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Eric Caligiuri advises domestic and international clients through complex intellectual property disputes. Mr. Caligiuri’s practice at Weintraub Tobin focuses on patent and trade secret litigation in federal district courts, California state courts, and before the International Trade Commission (ITC).

On March 6, 2020, a Central District Court in UPL NA Inc. f/k/a United Phosphorous, Inc. v. Tide International (USA), Inc. et al, 8-19-cv-01201 (CDCA 2020-03-06, Order) (Ronald S.W. Lew), issued an order that may become more common place across courts.  At the request of the parties, the Court issued a temporary stay of all discovery in the action because of the threat posed by the Coronavirus.

Specifically, the Court noted that the parties had jointly stipulated that “discovery efforts are being significantly impacted by the outbreak of coronavirus. Both parties have sought materials and testimony from witnesses who are located outside of the United States, including in China, and given current travel restrictions and quarantine rules, obtaining the discovery sought at this time is impractical, if not impossible.”  Therefore, the Court found good cause to temporarily vacate the discovery dates presented in the parties’ joint request.
Continue Reading District Court Stays Discovery Deadlines Because of Coronavirus Threat but Keeps Markman Hearing on Calendar

In Guardant Health, Inc. v. Foundation Medicine, Inc., 1-17-cv-01616 (DDE 2020-01-07, Order), the Court rejected the Plaintiff’s argument that an inequitable conduct claim must be related only to the prosecution of the patent-at-issue in ruling on plaintiff’s motion to dismiss defendants’ infectious unenforceability counterclaims.  In the case, the Defendants’ theory as to the unenforceability of U.S. Patent No. 9,902,992 (the ’992 patent) was not based on inequitable conduct said to have occurred during the ’992 patent’s prosecution.  Instead, it rested on the relationship between the ’992 patent and the prosecution of other related patents.

As some background, inequitable conduct regarding any single claim in the prosecution of a patent renders the entire patent unenforceable, not just that specific claim. Moreover, a finding of inequitable conduct can affect not just the improperly-prosecuted patent, but can also render unenforceable any other related patents and applications in the same patent family. This concept is what courts have referred to as the doctrine of “infectious unenforceability.”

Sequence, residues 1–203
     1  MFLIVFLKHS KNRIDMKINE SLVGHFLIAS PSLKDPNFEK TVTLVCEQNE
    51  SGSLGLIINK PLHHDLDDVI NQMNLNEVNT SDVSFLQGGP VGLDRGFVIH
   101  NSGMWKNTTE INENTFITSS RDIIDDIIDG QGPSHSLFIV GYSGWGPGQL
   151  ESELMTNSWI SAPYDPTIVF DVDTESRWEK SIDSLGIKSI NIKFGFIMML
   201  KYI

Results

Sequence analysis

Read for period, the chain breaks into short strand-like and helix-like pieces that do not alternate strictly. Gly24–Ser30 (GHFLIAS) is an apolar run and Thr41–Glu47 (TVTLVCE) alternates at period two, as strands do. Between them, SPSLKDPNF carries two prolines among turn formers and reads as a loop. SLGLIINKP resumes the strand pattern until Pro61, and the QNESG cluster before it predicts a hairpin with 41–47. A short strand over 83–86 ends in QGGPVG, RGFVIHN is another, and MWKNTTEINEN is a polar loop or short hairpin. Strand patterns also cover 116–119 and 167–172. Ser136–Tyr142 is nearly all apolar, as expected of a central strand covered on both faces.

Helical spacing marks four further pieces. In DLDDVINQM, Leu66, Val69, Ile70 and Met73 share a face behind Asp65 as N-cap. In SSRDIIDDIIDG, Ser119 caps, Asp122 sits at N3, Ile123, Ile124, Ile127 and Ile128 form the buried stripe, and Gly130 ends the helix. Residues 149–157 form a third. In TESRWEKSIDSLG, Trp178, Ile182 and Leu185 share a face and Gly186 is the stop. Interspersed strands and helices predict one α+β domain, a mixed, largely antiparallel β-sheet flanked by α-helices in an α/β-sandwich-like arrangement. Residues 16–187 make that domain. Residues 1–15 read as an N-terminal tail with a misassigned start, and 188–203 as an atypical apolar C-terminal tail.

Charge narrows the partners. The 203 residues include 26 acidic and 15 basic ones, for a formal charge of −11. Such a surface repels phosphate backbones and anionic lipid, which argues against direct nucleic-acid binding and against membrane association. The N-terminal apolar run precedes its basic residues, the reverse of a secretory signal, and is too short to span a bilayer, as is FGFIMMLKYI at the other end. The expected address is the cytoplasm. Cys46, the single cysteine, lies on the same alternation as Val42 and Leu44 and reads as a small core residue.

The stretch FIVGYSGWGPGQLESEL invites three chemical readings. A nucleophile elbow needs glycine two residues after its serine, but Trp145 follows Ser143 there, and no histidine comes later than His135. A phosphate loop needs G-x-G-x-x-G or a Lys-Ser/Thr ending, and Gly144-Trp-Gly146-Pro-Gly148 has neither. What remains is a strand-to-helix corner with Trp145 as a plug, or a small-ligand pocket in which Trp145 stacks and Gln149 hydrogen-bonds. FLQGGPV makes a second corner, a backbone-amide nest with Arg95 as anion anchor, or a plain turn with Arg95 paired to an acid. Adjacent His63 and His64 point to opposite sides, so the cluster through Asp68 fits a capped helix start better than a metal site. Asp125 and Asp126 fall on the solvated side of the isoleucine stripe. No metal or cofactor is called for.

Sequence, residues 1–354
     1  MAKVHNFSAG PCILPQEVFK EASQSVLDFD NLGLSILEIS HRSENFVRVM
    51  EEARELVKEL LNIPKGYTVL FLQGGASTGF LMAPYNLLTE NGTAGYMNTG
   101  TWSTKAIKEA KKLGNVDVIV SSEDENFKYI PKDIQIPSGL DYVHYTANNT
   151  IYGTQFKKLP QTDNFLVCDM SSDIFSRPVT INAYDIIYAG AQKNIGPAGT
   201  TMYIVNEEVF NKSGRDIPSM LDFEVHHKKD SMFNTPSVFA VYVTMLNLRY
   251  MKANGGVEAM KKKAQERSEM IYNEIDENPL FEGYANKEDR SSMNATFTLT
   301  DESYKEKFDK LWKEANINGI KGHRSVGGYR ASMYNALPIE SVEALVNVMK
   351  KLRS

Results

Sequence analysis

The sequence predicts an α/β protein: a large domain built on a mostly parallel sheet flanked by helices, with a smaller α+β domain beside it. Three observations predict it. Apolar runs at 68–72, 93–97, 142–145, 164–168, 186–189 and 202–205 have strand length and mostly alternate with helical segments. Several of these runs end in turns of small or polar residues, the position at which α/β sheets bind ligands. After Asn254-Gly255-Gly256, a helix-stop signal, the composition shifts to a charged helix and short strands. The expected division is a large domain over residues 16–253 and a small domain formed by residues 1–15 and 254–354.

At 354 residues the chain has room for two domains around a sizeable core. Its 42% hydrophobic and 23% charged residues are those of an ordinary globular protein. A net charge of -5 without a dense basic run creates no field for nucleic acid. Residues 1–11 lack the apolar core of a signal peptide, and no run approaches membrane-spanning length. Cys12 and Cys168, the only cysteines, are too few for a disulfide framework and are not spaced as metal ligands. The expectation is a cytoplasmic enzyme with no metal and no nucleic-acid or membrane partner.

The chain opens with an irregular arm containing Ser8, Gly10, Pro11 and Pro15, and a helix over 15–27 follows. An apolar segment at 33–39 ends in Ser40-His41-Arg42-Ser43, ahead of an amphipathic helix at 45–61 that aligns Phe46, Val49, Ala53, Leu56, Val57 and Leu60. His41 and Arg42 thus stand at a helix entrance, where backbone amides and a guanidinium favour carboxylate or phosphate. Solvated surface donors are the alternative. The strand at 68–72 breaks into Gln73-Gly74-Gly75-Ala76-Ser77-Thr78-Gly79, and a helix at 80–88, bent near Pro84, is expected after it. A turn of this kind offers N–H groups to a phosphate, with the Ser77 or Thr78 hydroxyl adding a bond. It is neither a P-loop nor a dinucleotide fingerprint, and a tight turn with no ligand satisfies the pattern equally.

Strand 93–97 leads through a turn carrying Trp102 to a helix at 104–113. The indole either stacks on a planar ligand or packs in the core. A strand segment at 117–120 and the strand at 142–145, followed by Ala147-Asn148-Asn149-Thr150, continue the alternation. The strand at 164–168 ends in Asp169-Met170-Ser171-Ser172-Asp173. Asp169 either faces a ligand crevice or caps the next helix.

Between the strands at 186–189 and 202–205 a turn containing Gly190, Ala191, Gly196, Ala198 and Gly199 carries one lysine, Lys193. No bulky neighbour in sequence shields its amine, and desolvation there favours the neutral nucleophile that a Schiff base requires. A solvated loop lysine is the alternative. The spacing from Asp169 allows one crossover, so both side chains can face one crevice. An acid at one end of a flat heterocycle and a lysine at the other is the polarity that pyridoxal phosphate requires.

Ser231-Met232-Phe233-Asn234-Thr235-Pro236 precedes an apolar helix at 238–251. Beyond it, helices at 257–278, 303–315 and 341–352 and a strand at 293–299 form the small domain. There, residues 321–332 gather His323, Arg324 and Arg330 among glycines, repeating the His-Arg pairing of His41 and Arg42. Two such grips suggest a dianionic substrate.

Continue Reading Inequitable Conduct Can Render all Patents in a Patent Family Unenforceable through Infectious Unenforceability

In a unanimous ruling, the U.S. Supreme Court in Peter v. NantKwest, case number 18-801, struck down the U.S. Patent and Trademark Office’s (USPTO) recent and often-criticized effort to recoup its legal fees – even in cases it loses – because it violates the so-called American Rule, which says U.S. litigants must typically pay for their own lawyers.

The Patent Act creates two mutually exclusive pathways to challenge an adverse decision by the USPTO. The first permits judicial review by direct appeal to the United States Court of Appeals for the Federal Circuit. There is “no opportunity for the applicant to offer new evidence” in a §141 proceeding, and the Federal Circuit “must review the PTO’s decision on the same administrative record that was before the [agency].”
Continue Reading U.S. Supreme Court Strikes down USPTO’s Request for Attorney’s Fees

In Arthrex Inc. v. Smith & Nephew Inc. et al., case number 18-2140, the U.S. Court of Appeals for the Federal Circuit recently considered whether the appointment of the Board’s Administrative Patent Judges (“APJs”) by the Secretary of Commerce, as currently set forth in Title 35, violates the Appointments Clause of the U.S. Constitution.  The Federal Circuit held that the statute as currently constructed makes the APJs principal officers.  To remedy the violation, the Federal Circuit concluded that severing the portion of the Patent Act restricting removal of the APJs is sufficient to render the APJs inferior officers and remedy the constitutional appointment problem.  As the final written decision on appeal issued while there was an Appointments Clause violation, the appropriate course of action was for this case to be remanded to a new panel of APJs.
Continue Reading Federal Circuit Holds Administrative Patent Judges Appointments Unconstitutional

In Curver Luxembourg SARL v. Home Expressions Inc., case number 18-2214, the U.S. Court of Appeals for the Federal Circuit recently held that the claim language of a design patent can limit its scope where the claim language supplies the only instance of an article of manufacture that appears nowhere in the figures.

Plaintiff Curver had asserted U.S. Design Patent No. D677,946 (’946 patent), entitled “Pattern for a Chair” and claiming an “ornamental design for a pattern for a chair.” Curver sued defendant Home Expressions alleging that Home Expressions made and sold baskets that incorporated Curver’s claimed
design pattern and thus infringed the ’946 patent. The design patent’s figures, however, merely illustrate the design pattern disembodied from any article of manufacture.
Continue Reading Federal Circuit Holds That Claim Language Can Limit the Scope of a Design Patent